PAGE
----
Readers can expect to gain a solid understanding of what qualifies as an SME, as well as various grants available locally. In light of COVID-19, pandemic-specific grants will also be explored. Lastly, actionable steps on grant application and means to maximise the chances of a successful application will be discussed.
Table of Contents
What are SME grants?
An SME grant is a sum of money that has been allocated or given to a business to further their growth. Typically, SME grants are distributed by governments, corporations, foundations and even trusts.
Unlike regular business financing or funding, grants are not meant to be paid back. Not to be confused with a donation, a grant is distributed to an SME on a set of principles often pertaining to the profit or growth margin of said company. This means that if someone were to give your SME a grant, then they are probably invested in some aspect of your business and need to see it grow.
What is an SME?
SMEs refers to Small and Medium-sized Enterprises. In Singapore, 99 per cent of all businesses are SMEs. As a whole, SMEs employ 65 per cent of Singapore’s workforce and take up almost half of the country’s GDP, playing a fundamental role and directly affecting the livelihoods of many locals.
Why are there grants specifically for SMEs?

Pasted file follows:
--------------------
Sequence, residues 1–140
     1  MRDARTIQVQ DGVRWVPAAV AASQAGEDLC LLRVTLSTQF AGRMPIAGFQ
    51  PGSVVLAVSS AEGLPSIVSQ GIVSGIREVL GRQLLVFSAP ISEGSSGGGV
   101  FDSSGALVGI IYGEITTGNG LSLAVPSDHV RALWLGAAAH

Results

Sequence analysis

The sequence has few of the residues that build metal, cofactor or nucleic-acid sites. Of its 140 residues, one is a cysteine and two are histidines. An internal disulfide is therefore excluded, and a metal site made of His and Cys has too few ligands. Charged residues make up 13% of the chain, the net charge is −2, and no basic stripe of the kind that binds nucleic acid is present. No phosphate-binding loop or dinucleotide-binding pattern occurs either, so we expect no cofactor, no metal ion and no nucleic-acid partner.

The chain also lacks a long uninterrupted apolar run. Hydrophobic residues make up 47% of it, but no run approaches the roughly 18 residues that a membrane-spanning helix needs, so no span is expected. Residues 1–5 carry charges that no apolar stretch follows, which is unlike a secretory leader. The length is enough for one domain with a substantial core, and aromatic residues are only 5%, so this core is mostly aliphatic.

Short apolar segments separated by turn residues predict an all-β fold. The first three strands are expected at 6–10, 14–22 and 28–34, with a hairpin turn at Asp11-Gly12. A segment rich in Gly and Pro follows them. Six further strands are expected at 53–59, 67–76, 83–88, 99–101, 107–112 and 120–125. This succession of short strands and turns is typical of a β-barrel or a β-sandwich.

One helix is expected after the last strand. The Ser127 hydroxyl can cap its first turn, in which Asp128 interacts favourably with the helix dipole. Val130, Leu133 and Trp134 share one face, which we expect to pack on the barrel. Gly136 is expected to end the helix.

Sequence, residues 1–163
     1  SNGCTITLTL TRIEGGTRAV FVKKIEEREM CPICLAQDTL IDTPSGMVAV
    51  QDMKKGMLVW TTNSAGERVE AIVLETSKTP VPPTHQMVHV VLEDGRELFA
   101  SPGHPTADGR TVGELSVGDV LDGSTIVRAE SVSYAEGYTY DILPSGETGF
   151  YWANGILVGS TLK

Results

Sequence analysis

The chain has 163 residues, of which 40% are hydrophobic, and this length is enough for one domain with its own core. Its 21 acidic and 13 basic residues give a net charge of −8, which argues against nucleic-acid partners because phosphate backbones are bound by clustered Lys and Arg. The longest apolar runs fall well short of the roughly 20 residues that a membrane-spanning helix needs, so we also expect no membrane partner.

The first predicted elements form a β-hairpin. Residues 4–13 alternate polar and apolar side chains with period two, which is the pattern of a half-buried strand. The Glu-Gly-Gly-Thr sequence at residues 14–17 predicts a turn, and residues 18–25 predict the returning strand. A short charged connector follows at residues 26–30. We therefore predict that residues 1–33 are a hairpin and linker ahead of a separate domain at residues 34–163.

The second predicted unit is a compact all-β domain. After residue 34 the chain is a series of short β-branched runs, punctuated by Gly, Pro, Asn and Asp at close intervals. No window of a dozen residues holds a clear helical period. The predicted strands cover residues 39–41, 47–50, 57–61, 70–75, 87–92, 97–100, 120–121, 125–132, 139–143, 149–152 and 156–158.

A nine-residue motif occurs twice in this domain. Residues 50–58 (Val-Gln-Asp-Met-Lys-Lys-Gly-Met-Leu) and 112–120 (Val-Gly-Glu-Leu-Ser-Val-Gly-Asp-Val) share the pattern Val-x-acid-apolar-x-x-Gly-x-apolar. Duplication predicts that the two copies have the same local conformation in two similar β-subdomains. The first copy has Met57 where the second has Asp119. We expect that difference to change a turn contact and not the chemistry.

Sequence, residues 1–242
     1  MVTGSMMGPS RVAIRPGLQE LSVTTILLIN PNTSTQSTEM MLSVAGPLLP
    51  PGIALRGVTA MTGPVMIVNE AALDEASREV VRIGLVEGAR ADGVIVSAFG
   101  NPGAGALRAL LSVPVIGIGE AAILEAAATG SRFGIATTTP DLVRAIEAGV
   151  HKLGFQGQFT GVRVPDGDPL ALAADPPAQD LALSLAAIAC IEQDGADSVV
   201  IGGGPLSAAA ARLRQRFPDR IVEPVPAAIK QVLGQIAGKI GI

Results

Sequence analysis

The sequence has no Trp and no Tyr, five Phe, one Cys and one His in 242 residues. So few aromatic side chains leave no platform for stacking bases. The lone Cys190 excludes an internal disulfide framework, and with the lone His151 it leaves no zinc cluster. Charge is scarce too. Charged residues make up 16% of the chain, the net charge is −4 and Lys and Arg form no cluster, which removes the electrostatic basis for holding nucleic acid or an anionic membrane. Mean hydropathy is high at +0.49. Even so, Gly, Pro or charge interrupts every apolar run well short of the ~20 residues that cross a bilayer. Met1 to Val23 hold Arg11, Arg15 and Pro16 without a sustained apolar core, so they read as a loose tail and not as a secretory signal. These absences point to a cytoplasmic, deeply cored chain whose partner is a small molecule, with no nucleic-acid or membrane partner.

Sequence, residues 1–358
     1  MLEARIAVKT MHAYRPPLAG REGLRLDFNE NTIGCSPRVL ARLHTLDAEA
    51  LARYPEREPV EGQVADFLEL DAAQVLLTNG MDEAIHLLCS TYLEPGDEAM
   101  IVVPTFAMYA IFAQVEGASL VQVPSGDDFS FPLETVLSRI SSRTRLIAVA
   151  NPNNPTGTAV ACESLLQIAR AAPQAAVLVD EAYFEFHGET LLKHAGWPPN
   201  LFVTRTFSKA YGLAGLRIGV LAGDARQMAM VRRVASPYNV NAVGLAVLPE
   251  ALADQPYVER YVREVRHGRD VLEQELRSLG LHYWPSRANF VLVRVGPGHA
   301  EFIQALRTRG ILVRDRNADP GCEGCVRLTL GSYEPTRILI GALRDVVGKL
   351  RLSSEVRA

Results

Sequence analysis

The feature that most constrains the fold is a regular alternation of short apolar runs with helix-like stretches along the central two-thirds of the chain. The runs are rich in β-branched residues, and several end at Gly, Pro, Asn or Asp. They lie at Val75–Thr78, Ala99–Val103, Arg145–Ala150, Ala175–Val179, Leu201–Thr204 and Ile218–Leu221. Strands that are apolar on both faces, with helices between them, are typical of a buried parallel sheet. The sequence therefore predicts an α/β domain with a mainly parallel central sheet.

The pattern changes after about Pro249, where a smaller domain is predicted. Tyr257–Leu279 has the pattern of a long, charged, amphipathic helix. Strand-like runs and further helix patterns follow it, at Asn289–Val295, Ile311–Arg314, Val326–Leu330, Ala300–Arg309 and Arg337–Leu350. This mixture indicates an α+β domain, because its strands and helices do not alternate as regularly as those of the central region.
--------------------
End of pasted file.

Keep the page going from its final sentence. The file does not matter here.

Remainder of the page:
Recognising SMEs’ crucial role in the economy, the Singapore government provides support through various grants. SMEs have different business needs from large Multi-National Corporations (MNCs) due to their smaller size, hence the specific grants were tailored to help Singapore SMEs grow.. For instance,
SMEs may need working capital to enable day to day business operations for the survival of their firm as well as to fund projects for business growth.
An SME may be considering an improvement to work processes to make their business more efficient through an automation of financial transactions. The SME may also be looking at opening a second branch to expand their consumer outreach, and requires funds to do market research as well as the subsequent office space rental and additional staff hires.